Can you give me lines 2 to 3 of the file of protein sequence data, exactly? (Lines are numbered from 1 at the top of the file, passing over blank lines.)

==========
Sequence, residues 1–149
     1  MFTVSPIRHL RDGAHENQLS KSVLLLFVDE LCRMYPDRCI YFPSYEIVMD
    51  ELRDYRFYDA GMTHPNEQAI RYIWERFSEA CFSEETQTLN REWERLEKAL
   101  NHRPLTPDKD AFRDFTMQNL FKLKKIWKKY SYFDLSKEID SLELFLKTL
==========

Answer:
     1  MFTVSPIRHL RDGAHENQLS KSVLLLFVDE LCRMYPDRCI YFPSYEIVMD
    51  ELRDYRFYDA GMTHPNEQAI RYIWERFSEA CFSEETQTLN REWERLEKAL